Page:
tommy.jensen@sbs.su.se johan.sandstrom@ltu.se

Empathizing with the subjects of study


We’re reading the book “Mining capitalism: the relationship between corporations and their critics” by Stuart Kirsch (2014, University of California Press). It’s an impressive study, based on more than two decades of ethnographic research related to particularly one indigenous community and its struggle with the OK Tedi mine on Papua New Guinea. We’ll have reasons to come back to this book further on, but one thing strikes us early on.

On page 12 Kirsch writes: “However, conducting ethnographic research within the corporation poses a risk of co-optation, because the tendency of ethnographers to empathize with the subjects of their research may influence their findings or temper their critical perspectives.” First impression reading this is that this is always a risk, regardless of where we move about, who we talk to, interact with. It has to be dealt with, not avoided or rejected. Second impression is that in Kirsch’s case, it is perhaps more straightforward in terms of where his values align, given the proven environmental and social devastation inflicted on indigenous communities following the OK Tedi operations and on the rather evident power asymmetries between corporations and states on one hand and the communities and NGOs on the other hand. Still, even in cases where the actors and their interests seem clear, they’re oftentimes not.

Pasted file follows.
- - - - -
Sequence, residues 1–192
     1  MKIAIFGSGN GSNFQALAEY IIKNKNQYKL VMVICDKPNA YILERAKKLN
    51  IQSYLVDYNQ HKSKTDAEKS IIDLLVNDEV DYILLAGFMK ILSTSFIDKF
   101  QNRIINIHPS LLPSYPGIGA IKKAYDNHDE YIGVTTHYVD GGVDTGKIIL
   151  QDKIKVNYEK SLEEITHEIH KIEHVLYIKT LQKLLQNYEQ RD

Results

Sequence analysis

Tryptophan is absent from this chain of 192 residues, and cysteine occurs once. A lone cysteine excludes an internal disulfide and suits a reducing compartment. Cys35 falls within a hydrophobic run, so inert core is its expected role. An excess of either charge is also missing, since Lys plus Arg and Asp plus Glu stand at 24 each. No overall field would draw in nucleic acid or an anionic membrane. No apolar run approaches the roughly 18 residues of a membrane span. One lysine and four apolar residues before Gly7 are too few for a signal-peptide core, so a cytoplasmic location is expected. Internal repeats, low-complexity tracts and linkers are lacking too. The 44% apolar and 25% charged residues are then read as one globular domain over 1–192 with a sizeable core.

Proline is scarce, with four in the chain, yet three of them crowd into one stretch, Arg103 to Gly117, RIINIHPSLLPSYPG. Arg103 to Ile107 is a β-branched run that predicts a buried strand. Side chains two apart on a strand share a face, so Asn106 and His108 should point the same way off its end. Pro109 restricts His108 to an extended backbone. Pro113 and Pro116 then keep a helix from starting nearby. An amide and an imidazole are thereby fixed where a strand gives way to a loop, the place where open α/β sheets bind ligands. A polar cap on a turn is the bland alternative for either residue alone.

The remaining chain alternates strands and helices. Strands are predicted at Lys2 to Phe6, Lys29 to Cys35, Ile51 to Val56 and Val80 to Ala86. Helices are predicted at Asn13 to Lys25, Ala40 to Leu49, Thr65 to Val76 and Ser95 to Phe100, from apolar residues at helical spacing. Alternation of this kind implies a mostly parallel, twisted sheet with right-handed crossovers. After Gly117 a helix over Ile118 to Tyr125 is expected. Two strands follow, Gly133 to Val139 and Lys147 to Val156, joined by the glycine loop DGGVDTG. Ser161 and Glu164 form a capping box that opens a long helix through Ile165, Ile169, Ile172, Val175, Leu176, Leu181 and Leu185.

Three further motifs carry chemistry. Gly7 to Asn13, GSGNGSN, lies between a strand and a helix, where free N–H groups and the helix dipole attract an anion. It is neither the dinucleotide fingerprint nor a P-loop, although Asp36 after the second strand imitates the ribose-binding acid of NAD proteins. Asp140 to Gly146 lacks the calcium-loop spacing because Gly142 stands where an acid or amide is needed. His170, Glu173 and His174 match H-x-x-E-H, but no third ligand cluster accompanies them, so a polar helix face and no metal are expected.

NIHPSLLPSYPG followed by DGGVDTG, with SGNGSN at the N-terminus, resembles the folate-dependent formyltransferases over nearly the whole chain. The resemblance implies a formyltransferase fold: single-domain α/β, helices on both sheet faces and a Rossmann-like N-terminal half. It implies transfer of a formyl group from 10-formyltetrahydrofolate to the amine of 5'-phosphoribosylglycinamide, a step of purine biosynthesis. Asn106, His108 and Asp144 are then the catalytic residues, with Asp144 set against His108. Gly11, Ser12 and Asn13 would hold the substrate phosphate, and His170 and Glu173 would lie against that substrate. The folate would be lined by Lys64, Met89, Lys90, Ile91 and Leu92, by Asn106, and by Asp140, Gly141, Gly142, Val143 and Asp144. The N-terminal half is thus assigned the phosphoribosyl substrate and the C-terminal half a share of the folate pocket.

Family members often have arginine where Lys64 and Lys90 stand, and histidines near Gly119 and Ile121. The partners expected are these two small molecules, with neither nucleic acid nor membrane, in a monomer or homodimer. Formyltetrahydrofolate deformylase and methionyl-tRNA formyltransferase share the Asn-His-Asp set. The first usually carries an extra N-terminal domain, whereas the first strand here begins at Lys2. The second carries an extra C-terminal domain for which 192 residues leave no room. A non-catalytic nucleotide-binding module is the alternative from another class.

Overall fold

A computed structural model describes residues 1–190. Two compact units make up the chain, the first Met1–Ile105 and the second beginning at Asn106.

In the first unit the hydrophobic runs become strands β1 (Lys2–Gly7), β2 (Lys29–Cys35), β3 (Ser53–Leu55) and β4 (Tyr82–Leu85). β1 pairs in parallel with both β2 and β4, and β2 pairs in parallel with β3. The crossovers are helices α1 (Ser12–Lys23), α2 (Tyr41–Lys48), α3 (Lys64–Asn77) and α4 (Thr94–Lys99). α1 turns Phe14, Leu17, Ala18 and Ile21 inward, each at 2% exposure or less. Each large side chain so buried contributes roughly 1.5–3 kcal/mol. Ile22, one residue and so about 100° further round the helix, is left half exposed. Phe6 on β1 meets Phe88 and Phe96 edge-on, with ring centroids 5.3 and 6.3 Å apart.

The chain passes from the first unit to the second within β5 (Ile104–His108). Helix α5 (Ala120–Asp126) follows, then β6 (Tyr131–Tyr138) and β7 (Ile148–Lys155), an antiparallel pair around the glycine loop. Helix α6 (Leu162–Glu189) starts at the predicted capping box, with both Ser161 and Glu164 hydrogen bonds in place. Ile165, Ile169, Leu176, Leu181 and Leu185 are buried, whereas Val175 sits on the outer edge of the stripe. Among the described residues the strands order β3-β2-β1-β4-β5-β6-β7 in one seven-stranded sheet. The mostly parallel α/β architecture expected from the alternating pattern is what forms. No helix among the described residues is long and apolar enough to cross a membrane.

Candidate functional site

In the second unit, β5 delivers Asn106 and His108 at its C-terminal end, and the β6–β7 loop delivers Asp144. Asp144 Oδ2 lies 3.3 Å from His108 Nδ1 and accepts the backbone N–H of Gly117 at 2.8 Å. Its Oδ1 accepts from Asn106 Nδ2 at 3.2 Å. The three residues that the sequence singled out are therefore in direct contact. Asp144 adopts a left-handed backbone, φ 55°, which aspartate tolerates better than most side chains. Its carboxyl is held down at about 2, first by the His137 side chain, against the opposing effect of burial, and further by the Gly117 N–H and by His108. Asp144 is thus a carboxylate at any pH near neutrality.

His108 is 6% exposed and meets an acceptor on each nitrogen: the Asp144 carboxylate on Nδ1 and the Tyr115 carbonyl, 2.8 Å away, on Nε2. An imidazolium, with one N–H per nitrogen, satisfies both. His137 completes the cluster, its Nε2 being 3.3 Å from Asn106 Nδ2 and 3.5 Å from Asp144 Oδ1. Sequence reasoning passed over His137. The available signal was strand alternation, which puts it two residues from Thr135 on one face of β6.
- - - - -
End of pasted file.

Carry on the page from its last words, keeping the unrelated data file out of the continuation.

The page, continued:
We sometime move around inside different companies within the realm of our project (LKAB, Cameco, contractors). For sure, we get to know people, develop relations beyond mere professional relations with some of these persons. And they are not homogeneous ‘corporate persons’. They are ‘whole’ persons in ‘whole’ realities. Large companies like LKAB and Cameco are also not homogeneous, regardless of how effective the communication and branding departments are.

But, as we see it, to be able to discover something, researchers, as do all human beings, need empathy to be able to investigate an interest further. This said, the so-called subjectivity is not a fallacy, it is a precondition for scientific research.

However, there is a risk of being co-opted or of developing rather dogmatic stances. The cure for this is to constantly be in doubt, a bit skeptical, and to have a sensitive mode. We might be wrong. It might even be reasonable to think that we are very often wrong (wrong in the meaning of understanding different perspectives, not in terms of true or false).


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